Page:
When Binani Cement moved the Supreme Court seeking to exit the resolution process under the Insolvency and Bankruptcy Code (IBC) overseen by the National Company Law Tribunal (NCLT), the court made it clear that the law does not permit forum shopping: once the company has entered the NCLT process, it must complete that process. This, in our view, is entirely in agreement with the spirit of the IBC.
However, the procedure that has been followed for resolution under the IBC stands exposed as being flawed. The procedure was incapable of discovering the highest valuation for the asset being auctioned.
A value higher than the highest discovered under the IBC process was offered for the distressed company outside the IBC process, to enforce which Binani approached the Supreme Court. The way ahead is clear. The IBC process must be amended to realise the public policy goal in resolving a bad asset: secure the highest value for the asset being resolved, so that the creditors of the bankrupt company realise their dues, and if there is anything left after paying off all secured and unsecured creditors, the shareholders, too, get back some part of their capital.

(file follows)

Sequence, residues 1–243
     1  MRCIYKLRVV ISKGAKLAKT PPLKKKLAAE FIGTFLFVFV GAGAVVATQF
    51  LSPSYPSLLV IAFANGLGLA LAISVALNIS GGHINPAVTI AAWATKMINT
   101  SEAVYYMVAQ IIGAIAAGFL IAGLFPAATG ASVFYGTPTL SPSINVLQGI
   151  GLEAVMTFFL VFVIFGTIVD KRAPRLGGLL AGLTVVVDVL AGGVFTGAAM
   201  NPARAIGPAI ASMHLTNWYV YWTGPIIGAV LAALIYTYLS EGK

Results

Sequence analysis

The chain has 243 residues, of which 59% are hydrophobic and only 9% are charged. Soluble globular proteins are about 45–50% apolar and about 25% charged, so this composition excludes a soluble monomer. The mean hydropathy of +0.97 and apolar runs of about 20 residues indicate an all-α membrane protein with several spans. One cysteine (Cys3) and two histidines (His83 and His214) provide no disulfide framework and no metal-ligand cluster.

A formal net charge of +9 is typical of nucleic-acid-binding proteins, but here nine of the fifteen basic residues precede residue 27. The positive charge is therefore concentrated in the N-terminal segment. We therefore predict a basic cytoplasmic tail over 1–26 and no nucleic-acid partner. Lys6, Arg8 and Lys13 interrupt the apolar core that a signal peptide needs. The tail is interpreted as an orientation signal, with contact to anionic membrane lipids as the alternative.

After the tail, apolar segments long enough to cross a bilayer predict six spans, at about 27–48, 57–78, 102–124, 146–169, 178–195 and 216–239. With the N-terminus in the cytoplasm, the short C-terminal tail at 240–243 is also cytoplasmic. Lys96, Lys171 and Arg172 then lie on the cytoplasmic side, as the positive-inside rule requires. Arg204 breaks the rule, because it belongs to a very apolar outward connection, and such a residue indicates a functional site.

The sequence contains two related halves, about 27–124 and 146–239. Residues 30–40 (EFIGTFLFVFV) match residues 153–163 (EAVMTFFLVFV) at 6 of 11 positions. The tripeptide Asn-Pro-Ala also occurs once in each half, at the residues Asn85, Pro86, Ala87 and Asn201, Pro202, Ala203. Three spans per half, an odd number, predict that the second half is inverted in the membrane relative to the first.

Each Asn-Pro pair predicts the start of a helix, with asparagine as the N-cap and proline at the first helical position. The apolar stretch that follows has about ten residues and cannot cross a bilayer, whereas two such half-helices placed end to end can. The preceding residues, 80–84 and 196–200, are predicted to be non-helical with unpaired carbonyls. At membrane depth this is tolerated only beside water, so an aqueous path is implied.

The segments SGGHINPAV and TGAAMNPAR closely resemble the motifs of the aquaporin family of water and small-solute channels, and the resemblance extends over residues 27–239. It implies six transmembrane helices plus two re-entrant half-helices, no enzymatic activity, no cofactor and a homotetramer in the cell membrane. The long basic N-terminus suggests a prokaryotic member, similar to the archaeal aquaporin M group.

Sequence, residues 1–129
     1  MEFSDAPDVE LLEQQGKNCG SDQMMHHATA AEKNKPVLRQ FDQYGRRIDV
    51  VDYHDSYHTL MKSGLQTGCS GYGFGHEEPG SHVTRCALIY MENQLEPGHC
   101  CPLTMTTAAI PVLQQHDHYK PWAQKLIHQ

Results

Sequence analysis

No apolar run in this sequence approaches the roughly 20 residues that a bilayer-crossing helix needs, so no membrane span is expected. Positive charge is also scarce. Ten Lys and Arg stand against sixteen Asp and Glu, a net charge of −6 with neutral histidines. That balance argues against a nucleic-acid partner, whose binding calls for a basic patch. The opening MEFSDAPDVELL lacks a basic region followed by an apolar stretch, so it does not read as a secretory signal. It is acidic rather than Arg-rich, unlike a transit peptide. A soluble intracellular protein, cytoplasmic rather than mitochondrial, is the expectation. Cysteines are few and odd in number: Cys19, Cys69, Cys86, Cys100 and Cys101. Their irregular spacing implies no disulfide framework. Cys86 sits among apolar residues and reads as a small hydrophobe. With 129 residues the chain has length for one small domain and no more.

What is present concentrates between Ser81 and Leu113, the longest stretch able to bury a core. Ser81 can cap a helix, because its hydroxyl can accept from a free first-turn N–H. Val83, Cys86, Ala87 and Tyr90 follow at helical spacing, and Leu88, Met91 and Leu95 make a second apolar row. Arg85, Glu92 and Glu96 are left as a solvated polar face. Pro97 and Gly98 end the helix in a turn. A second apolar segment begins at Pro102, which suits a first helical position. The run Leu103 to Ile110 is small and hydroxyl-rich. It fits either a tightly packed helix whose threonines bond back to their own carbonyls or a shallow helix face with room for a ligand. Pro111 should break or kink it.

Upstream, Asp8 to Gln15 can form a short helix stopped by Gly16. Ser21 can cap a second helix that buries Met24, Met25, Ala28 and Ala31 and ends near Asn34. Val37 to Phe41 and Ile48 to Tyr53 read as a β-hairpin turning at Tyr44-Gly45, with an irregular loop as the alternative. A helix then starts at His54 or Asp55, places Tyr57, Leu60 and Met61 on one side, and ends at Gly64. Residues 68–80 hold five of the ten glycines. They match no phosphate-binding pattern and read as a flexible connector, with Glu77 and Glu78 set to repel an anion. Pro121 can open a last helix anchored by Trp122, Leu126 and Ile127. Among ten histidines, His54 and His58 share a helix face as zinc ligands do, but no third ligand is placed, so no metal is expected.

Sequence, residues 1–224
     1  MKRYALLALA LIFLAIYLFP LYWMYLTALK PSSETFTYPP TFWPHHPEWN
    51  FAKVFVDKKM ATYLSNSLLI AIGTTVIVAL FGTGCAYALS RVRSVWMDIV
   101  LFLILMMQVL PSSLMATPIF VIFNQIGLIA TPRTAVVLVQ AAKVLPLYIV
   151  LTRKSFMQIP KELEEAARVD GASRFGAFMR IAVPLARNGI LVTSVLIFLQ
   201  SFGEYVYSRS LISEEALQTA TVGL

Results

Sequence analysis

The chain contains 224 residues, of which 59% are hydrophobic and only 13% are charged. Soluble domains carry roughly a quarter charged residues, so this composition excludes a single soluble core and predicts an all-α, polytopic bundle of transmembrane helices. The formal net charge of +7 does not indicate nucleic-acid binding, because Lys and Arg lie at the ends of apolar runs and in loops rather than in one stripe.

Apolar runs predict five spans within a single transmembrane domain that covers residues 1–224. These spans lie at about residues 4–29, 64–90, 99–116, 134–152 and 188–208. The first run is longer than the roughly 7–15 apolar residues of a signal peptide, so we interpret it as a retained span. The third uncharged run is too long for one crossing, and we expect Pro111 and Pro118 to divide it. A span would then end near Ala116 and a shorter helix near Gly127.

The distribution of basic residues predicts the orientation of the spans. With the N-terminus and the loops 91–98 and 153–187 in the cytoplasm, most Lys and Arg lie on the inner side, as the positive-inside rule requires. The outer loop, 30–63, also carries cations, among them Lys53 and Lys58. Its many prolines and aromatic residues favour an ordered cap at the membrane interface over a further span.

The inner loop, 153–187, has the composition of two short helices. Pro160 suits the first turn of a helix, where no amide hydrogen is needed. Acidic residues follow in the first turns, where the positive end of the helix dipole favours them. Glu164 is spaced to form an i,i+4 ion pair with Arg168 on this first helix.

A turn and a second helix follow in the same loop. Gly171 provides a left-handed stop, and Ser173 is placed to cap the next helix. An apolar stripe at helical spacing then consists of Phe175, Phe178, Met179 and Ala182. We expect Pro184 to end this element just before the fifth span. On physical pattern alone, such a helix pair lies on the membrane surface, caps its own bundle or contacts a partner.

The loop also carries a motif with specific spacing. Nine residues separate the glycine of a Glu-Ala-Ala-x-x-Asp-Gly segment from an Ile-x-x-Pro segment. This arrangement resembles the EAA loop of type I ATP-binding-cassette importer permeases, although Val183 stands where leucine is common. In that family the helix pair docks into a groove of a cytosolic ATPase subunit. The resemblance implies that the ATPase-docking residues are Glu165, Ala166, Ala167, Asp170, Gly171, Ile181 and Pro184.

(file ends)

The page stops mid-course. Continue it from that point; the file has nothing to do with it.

Realising the highest value for the asset is crucial to minimise the bank-recapitalisation burden on the exchequer and the taxpayer as well as to incentivise optimum use of the asset by the buyer who invests to acquire the asset. The way to realise the public policy goal in resolving bad assets is to dump all scorecards in evaluating bids and be guided solely by the price being paid. And the price discovery should be through continuous bidding until all save one bidder drops out, as is done in spectrum auctions.
The IBC is a crucial instrument in ridding the economy of crony capitalism. It is a new law and some procedural improvements will be found necessary during its implementation. The NCLT should adopt such improvements, not be bound by a rule whose flaws have been demonstrated. It should not set an unhappy precedent.
Let the bidding begin afresh for Binani within the NCLT framework.
This piece appeared as an editorial opinion in the print edition of The Economic Times.